After that, two different steps must be taken, depending on whether your class is written in Swift or in Objective-C. In Swift, you must mark your properties as @objc and dynamic. This ensures they’re visible to the Objective-C runtime and are always dispatched dynamically. As a result, they’re always picked up by the invocation recording mechanism described earlier:

@objc dynamic var borderColor: UIColor

In Objective-C, since everything is dynamically dispatched anyway, it’s sufficient to add the UI_APPEARANCE_SELECTOR attribute to any property that you want to participate in the mechanism:

@property (nonatomic) UIColor *borderColor UI_APPEARANCE_SELECTOR;

If you have any methods that set a property depending on some other parameter (let’s call this parameter axis), they must follow a special convention so that the appearance proxy can pick up their invocations and handle them. In Swift, they also must be marked as @objc and dynamic:

@objc dynamic func property(forAxis axis: AxisType) -> PropertyType
@objc dynamic func setProperty(_ property: PropertyType forAxis axis: AxisType)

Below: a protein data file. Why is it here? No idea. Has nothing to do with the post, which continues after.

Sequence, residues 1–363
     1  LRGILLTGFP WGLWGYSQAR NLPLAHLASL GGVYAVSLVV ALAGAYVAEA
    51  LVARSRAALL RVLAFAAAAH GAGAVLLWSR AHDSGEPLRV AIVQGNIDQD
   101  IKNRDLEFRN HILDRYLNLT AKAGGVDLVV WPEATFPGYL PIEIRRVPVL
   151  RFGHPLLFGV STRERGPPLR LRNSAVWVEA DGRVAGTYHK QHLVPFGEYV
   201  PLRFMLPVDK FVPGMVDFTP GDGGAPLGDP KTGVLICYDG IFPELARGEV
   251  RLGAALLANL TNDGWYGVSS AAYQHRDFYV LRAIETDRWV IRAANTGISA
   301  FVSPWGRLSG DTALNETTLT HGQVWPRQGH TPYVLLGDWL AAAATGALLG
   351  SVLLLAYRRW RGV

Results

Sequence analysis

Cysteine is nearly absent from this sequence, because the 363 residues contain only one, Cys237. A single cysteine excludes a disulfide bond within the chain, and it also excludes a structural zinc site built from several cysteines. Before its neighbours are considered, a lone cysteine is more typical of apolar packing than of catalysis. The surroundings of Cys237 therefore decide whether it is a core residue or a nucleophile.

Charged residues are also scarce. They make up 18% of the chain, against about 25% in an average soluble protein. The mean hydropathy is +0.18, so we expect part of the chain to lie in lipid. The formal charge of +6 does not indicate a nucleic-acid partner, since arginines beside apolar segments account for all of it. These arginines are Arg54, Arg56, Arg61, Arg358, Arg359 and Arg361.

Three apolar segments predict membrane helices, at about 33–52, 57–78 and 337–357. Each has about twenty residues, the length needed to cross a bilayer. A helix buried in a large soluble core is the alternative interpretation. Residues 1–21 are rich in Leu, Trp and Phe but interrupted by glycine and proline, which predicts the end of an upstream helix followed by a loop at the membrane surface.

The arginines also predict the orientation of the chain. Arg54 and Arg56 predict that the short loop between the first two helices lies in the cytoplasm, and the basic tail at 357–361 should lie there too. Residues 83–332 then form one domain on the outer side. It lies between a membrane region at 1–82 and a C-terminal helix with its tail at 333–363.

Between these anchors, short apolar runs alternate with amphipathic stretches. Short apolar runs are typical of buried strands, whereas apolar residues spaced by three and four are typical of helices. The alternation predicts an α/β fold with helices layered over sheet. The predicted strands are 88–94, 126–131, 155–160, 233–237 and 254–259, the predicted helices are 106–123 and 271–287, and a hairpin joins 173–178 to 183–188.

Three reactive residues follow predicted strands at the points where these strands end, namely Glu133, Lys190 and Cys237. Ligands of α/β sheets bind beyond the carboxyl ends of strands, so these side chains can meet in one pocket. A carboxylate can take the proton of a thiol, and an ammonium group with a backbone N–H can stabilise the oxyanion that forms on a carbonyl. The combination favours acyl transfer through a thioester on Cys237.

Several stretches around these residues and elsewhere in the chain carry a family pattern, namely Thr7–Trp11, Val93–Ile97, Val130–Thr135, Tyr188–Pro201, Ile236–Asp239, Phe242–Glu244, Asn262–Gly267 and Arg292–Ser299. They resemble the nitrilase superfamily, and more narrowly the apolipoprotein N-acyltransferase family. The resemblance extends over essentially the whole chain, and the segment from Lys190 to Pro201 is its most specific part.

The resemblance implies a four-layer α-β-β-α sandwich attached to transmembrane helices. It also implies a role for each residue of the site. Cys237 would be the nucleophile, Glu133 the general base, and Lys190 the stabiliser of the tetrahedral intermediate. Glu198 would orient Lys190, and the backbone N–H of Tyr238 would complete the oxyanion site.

- (PropertyType)propertyForAxis:(AxisType)axis UI_APPEARANCE_SELECTOR;
- (void)setProperty:(PropertyType)property forAxis:(AxisType)axis UI_APPEARANCE_SELECTOR;

PropertyType can be any Objective-C class: Int, UInt, CGFloat, CGPoint, CGSize, CGRect, UIEdgeInsets, or UIOffset. AxisType must be Int, UInt, or any integer-backed Objective-C enum.

ℹ️ Tip: If you’re seeing crashes when trying to use UIAppearance with your custom view, chances are you forgot to fulfill some of the above requirements. Especially if your view is a Swift class, double-check that the properties and methods are not missing the dynamic keyword.